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Plebiscite a delaying tactic?

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August 10, 2017

Shepparton LGBTI advocate and GV Pride spokesman Damien Stevens is opposed to a postal plebiscite on same-sex marriage.

A High Court challenge to the Federal Government’s proposed postal vote on same-sex marriage will be lodged this week, as debate around the discussion intensifies.

The Turnbull Government was forced to adopt the option, after the Senate rejected a bid for a compulsory plebiscite on Wednesday, but local advocates say the move is a stalling mechanism for what is a human rights issue.

The decision follows tensions earlier this week, in which Liberal MPs voted in favour of a plebiscite, amid a party split.

Shepparton LGBTI advocate and GV Pride spokesman Damien Stevens said the community had been disappointed, saddened and frustrated by the decision.

He said a postal plebiscite was non-binding, not compulsory and would encourage unnecessary vitriol and misinformation around the issue.

‘‘There will be people who are particularly upset and hurting because of what happened yesterday, so now is an important time to reach out to the LGBTI people to see how they’re doing and offer individual support,’’ Mr Stevens said.

‘‘If a postal plebiscite were to go through, we have a very solid, connected, supportive community here that is well insulated by many allies, friends and supporters.

‘‘I see (the move) as a delaying tactic, but we are more committed than ever to continue the fight for equal rights under civil law,’’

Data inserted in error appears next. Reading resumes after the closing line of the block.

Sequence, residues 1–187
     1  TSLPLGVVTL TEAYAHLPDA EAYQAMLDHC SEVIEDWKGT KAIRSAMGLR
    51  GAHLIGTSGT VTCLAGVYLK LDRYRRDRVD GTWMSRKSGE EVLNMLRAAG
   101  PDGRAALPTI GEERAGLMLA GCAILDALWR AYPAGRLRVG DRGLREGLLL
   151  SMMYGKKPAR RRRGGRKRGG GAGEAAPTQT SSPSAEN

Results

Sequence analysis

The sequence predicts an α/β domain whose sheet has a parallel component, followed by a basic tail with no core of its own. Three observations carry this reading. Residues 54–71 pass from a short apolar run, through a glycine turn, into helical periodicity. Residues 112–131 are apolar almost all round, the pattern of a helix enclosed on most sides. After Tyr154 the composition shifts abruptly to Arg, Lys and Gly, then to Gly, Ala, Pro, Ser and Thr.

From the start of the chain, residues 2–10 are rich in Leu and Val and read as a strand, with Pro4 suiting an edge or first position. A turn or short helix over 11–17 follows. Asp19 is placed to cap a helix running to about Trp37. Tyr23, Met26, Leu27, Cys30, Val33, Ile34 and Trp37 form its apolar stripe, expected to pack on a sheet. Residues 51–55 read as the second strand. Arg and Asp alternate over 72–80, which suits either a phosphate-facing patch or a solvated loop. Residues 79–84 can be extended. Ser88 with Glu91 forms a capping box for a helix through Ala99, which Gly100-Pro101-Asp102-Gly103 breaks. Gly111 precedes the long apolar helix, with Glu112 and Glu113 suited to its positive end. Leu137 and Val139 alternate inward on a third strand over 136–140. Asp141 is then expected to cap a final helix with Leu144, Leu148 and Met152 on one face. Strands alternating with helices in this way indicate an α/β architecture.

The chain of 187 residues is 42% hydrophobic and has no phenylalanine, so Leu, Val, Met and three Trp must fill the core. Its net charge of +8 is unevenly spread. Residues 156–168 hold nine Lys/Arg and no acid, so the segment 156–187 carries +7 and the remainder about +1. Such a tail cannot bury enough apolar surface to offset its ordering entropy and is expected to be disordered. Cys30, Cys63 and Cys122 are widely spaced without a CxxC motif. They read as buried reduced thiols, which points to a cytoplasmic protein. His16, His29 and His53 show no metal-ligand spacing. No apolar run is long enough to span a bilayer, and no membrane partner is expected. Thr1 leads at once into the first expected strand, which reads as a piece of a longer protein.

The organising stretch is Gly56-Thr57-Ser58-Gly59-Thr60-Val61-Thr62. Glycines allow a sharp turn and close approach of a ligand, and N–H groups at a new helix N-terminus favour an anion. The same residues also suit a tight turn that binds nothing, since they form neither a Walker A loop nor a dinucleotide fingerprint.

The Turnbull Government has proposed the Australian Bureau of Statistics run the $122million postal vote, which will start in mid-September unless a court injuncts it.

Shepparton councillor Dennis Patterson, despite his opposition to same-sex marriage, used a casting vote in 2015 to support the issue locally.

While the move has no legislative weight, Cr Patterson said it had been done so the council could move onto ‘‘more pressing issues’’, which, he said, the government should be doing now.

‘‘Some of these decisions are not easy to make, but they’re a part of the job,’’ Cr Patterson said.

Cr Patterson said he believed the largely conservative electorate of the Goulburn Valley would be unaffected by the postal vote.

‘‘A few people will think it’s extremely important and others will have no interest at all, but I think a lot of people are sick to death of the whole topic,’’ he said.

‘‘It’s very hard for any referendum to get up and running because of the way it’s formatted, but it will be interesting to see the result.’’

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